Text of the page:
Clayton Co. Conservation 2023 annual report

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The Clayton County Conservation Board manages 1,401 acres which includes seven campgrounds that accommodated over 2,732 campers in 2023. (Photo courtesy of Clayton County Conservation)

By Caroline Rosacker

Clayton County Conservation is on a mission to promote the health and general welfare of the people, to model and encourage preservation, conservation, education and recreation through responsible use and appreciation of our natural resources and cultural heritage. 

The following information is a summary of all the great accomplishments staff, volunteers and monetary donations towards beneficial projects have accomplished in 2023.

Osborne visitors

In the past year, the Osborne Conservation Center, located at 29862 Osborne Road, five miles south of Elkader on Highway 13, welcomed 5,441 visitors from seven countries, 31 states, and 54 Iowa counties according to a volunteer guest register.

Osborne features a native wildlife exhibit, pioneer village, walking trails, open shelters, Nature and Welcome Center/gift shop, and is open November through March (winter schedule) from 8:00 a.m.-4:00 p.m. Monday- Friday, and closed on Saturdays and Sundays.

The summer schedule begins in April through October, from 8:00 a.m.-4:00 p.m. Monday-Saturday and 12:00-4:00 p.m. Sunday. All parks close year round at 10:30 p.m. 

Motor Mill 

The Motor Mill Historic Site, located in the Turkey River valley, welcomed 1,663 individuals from 22 different states and six foreign countries. 

The historic district boasts an impressive six-story limestone mill and four related stone buildings built in the 1860’s, which include the newly restored Inn at Motor Mill, numerous walking trails and primitive camping opportunities. 

Guided tours of the mill, four related outbuildings, and the Motor Mill town site are offered each Saturday May through October, from noon-5 p.m. ​

Educational programs

Conservation staff members and volunteers  offered 381 events, consisting of 640 presentations delivered to 9,080 participants (75 percent youth) equaling 556.25 program hours.

The environmental program's success can be attributed to the organizations dedicated volunteers and long-standing cross-agency partnerships.  

Conservation staff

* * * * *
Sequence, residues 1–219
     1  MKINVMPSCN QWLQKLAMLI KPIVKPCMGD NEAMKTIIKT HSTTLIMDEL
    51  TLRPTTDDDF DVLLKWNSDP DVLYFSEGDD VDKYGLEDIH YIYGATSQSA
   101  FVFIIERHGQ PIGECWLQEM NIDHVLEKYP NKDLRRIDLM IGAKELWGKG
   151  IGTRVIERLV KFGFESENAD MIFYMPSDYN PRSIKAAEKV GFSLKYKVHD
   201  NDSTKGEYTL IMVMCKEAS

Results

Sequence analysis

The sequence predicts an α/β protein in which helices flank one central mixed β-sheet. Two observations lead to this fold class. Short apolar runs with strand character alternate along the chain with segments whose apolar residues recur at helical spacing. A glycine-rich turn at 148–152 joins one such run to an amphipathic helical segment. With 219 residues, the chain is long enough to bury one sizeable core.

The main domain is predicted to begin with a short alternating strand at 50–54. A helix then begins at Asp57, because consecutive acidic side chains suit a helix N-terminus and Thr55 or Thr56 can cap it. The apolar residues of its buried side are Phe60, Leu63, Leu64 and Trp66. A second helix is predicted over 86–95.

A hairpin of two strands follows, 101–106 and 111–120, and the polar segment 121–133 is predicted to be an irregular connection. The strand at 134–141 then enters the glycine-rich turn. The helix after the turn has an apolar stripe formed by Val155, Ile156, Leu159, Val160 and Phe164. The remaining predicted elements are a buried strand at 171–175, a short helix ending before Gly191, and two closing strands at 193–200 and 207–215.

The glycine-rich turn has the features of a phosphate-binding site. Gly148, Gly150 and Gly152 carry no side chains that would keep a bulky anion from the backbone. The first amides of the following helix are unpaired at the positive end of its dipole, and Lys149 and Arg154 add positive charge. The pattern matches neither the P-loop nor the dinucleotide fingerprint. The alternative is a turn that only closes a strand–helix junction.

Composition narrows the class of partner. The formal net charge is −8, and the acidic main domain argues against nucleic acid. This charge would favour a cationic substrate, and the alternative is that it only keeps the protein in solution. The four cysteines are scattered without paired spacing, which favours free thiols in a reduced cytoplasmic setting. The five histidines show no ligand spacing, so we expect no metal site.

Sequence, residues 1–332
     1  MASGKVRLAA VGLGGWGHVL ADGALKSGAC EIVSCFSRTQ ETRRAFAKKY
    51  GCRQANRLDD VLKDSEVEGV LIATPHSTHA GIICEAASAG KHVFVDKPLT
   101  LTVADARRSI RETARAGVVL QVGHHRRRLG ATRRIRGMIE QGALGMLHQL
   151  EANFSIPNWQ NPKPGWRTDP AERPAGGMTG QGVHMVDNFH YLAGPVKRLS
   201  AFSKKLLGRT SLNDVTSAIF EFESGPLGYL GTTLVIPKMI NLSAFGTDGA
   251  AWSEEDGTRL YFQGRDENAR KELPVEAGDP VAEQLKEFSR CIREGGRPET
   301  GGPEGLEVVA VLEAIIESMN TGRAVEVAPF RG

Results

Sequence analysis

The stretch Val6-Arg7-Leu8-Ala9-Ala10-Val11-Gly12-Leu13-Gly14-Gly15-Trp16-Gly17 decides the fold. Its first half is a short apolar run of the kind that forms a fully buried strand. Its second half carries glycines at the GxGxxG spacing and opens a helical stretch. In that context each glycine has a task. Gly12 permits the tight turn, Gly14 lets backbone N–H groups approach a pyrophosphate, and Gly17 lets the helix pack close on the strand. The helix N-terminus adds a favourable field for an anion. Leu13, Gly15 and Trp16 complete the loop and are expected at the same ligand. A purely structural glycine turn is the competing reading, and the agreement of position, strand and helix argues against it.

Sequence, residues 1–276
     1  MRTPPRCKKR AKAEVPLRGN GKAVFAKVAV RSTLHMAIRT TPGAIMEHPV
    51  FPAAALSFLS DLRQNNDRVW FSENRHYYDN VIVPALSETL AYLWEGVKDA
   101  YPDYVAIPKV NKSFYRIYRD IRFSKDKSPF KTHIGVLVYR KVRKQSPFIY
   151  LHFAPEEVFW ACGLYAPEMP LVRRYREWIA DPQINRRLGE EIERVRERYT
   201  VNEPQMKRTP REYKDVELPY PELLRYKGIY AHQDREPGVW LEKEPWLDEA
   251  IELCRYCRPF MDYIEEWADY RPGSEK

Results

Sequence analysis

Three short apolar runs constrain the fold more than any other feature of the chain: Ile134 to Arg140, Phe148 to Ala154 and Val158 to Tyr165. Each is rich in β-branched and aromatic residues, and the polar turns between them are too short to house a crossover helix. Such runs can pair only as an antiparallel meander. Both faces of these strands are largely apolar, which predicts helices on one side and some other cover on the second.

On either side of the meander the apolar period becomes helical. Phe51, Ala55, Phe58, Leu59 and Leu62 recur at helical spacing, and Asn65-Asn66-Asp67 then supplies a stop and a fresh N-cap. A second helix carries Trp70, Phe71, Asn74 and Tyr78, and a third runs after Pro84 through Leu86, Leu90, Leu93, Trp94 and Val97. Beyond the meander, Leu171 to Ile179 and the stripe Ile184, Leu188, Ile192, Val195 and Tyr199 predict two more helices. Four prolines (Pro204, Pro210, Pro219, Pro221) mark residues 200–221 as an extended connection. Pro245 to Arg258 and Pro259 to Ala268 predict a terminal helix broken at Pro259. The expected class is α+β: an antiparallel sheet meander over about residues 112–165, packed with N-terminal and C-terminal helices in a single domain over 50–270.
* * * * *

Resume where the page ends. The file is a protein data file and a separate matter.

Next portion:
Conservation staff members are director Jenna Pollock; office manager Molly Scherf; office assistant/director of sales Ean Popenhagen; park ranger Zach Dingbaum; operations and maintenance Hunter Jensen and Nick Moser,  naturalist/natural resource manager Kenny Slocum; naturalist Abbey Harkrader; seasonal employees, non-staff members Paul and Cathy Marcotte, and Pam and Mark Reinig, and numerous volunteers. 

Board members

The Clayton County Conservation Board, which includes Daryl Landsgard, chair; Pamela Vaske, vice-chair; Larry Stone, secretary; Gary Kregel, chair and Natasha Hegmann, manages 1,401 acres which include seven campgrounds and 18 areas managed for wildlife habitat and recreational opportunities. 

Those areas accommodated over 2,732 campers spending a total of 2,185 nights in Clayton County, providing $35,347.54 back into the conservation budget for maintenance and development needs. 

Grants received

In 2023, $1,764,545 was realized to assist with conservation projects and program improvements. Many of the grant awards were carry-over from previous years for ongoing projects at the historic Motor Mill site, Osborne Campground and Pony Hollow Trail Extension. 

Looking ahead

Clayton County Conservation Board and staff members will turn their attention to the future and consider modifications to operations moving forward.

In November 2023, visioning and goal setting work sessions began. The Conservation Board hopes to survey the public once the campground and trail extension projects are complete to re-evaluate  public interest.

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